A Brief History of The Depot
The Final Run
by Jeff Timlick
February 25, 1999
In loving memory of Clayton Timlick, a Grand Trunk Western R.R. engineer for 36 years.
The crowd began to gather at the setting of the sun, To welcome home their hero as he made his final run.
His life was like a train ride, he would travel day by day, Often calling, "All Aboard!" to all those along the way.
His hands, once strong and steady, Now shook beneath the strain, As he pulled back on the throttle to slow his moving train.
The lonesome whistle's mournful cry could be heard around the bend - the engine's final tribute to an old and faithful friend.
Now safely in the station as the end was drawing near, he shut down that grand old engine, mourned by those he held so dear.
Then came this proclamation as he closed his final run, "his journey has not ended - it's now only just begun!"
There is so much more to life than our mortal eyes can see; all those who trust in Jesus will live eternally.
Life's often like a train ride, people come and go away; all begin and have an ending; but in our hearts he'll always stay.
The village of Durand was built up around the railroads in the late 1870’s. Durand Union Station was designed by Spier and Rohms and originally built in 1903. Eighteen months thereafter it was almost completely destroyed by fire and was rebuilt in 1905.
This was a very busy station as the Grand Trunk Western and Ann Arbor Railroads crossed at grade there. During the early 1900’s when the railroad industry was at its peak, 42 passenger trains, 22 mail trains, and 78 freight trains passed through Durand daily. Durand Union Station handled approximately 3,000 passengers per day, making it a prospering hub of the industry.
America came into maturity riding the rails. The railroad helped build, shape, and define the America we live in today. Railroads helped open the frontiers to settlement, and soon after, to industrialization.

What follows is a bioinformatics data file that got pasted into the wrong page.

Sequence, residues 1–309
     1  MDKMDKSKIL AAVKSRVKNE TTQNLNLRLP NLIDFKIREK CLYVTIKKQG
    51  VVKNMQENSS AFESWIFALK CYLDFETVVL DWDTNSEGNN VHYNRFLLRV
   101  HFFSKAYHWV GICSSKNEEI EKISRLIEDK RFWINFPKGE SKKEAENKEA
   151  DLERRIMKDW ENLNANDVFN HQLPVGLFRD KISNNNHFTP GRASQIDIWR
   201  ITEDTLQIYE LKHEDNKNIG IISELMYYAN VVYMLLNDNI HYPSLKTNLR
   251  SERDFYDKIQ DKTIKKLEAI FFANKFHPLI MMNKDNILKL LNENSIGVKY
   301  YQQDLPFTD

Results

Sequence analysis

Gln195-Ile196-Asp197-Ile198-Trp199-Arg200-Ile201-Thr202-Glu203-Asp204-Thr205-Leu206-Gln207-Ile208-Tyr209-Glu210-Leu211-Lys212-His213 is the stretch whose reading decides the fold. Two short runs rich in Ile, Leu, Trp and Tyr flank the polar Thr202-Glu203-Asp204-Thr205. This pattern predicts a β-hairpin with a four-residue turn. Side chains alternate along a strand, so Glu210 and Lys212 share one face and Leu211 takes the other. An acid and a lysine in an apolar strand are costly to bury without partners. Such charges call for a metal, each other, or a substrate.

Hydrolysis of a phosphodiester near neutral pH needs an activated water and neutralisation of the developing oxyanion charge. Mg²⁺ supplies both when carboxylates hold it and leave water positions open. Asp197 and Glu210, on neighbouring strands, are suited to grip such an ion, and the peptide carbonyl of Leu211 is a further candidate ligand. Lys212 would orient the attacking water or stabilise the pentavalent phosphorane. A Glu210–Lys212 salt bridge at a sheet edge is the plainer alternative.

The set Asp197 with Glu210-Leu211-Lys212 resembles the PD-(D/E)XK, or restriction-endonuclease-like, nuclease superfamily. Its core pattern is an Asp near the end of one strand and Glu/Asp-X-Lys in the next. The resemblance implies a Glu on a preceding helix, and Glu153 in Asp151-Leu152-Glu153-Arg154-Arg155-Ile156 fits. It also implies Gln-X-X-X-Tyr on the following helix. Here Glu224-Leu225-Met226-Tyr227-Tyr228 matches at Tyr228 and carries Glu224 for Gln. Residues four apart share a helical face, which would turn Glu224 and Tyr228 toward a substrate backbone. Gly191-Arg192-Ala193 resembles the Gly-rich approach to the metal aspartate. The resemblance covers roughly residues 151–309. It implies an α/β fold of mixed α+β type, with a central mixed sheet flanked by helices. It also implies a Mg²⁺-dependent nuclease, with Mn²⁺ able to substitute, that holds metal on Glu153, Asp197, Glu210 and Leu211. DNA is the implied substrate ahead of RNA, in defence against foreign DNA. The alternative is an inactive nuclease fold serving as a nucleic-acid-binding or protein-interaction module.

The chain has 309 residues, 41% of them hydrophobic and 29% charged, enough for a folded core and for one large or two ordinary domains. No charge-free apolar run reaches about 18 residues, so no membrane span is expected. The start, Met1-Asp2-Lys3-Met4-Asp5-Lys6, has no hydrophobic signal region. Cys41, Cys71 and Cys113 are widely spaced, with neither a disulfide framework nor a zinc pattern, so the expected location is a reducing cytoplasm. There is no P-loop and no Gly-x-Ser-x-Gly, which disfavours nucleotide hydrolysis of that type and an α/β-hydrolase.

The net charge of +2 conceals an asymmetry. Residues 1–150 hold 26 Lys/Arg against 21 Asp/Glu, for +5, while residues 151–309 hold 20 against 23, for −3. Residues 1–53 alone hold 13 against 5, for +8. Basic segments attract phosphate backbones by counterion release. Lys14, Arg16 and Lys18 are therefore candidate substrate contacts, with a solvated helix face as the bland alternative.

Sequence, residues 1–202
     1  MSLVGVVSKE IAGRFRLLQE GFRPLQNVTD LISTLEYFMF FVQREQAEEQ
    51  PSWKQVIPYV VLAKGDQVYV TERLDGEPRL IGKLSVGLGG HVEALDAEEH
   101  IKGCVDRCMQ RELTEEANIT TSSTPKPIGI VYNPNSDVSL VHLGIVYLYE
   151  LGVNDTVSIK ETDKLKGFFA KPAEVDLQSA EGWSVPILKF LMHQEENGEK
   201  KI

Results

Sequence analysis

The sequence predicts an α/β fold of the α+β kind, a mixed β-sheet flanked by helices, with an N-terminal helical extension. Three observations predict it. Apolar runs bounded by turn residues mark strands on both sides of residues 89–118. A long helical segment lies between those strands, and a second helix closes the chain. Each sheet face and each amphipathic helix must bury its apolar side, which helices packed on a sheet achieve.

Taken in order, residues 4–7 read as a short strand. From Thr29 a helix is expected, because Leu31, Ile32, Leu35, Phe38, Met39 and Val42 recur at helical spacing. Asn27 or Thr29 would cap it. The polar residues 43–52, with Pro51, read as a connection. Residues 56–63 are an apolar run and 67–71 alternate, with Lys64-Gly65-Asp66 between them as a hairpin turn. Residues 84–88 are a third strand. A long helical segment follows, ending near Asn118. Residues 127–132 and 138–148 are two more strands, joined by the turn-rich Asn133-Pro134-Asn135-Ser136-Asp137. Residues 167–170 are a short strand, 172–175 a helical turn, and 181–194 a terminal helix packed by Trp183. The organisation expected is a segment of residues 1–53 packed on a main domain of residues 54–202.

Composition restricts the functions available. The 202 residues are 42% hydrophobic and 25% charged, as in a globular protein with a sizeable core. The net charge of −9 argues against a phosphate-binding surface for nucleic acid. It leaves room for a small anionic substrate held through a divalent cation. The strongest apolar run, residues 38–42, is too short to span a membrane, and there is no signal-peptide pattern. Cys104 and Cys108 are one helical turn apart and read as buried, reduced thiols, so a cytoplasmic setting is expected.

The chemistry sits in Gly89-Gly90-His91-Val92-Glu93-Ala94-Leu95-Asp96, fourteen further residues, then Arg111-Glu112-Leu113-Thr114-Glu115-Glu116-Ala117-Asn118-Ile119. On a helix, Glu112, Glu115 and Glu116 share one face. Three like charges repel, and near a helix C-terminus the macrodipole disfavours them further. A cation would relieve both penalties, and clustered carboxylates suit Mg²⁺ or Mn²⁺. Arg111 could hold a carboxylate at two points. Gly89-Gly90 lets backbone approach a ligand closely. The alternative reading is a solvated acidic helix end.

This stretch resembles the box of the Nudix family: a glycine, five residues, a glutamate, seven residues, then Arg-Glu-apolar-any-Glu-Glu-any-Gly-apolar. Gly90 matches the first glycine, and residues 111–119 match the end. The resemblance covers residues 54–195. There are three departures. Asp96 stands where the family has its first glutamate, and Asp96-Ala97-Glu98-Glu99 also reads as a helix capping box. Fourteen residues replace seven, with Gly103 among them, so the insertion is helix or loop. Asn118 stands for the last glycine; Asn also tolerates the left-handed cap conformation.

The decline of rail traffic started at the end of WWI and culminated in 1974 when Grand Trunk determined it could no longer justify the cost of maintaining the station and it was abandoned. The old depot’s destruction appeared imminent, but the community rallied to save it and in 1979 the City purchased it for $1.00. Since then, it has become the State Railroad History Museum.
Durand Union Station itself reminds us of the golden years of railroading. The Depot captures the rich essence of railroading during its reign of glory. The building contained a formal dining room as well as a snack counter complete with swivel stools and a rack of comic books selling for a nickel each, you could also buy a daily paper from a nearby newsboy. A large postal box collected the mail, which was sent by rail to its destination.
The second floor of the building held railroad offices and a sleeping area for train crews. The lower level of the massive depot, once the second busiest train station in Michigan, has been renovated to its original grandeur.
Terrazzo floors gleam, beautiful oak trimmed windows provide views of the surrounding tracks, and the restored ticket cage is reminiscent of the turn of the century. Because of its unusual Chateau Romanesque architecture, the Durand Depot has gained prominence as one of the most photographed train stations in America.
Passengers still walk the corridors of the depot to board their train. The Amtrak Blue Water eastbound to Port Huron and westbound to Chicago make daily stops at the Durand Union Station. Thirty or more freight trains pass the station daily providing for excitement and photo opportunities for rail fans on a regular basis.
All the activity proves that while waiting on the depot platform, people can still experience the sights and sounds of railroading and imagine what it was like decades ago.
The depot is also the State Railroad History Museum, an educational and entertaining source of Michigan’s rich railroad history. The museum gallery features new exhibits several times per year to pay tribute to the colorful heritage of the railroader, and to the contribution of Michigan’s railroads to lumbering, mining, agriculture, and industry. The Museum Information Center and Archives contains a wealth of railroad information for rail enthusiasts, researchers, and genealogists. Included in the collection are photographs, ledgers, technical railroad information, union materials, and a variety of other documents pertaining to railroading in Michigan.
For a first-hand look at railroading of yesterday and today, Durand Union Station is an interesting and exciting place to visit.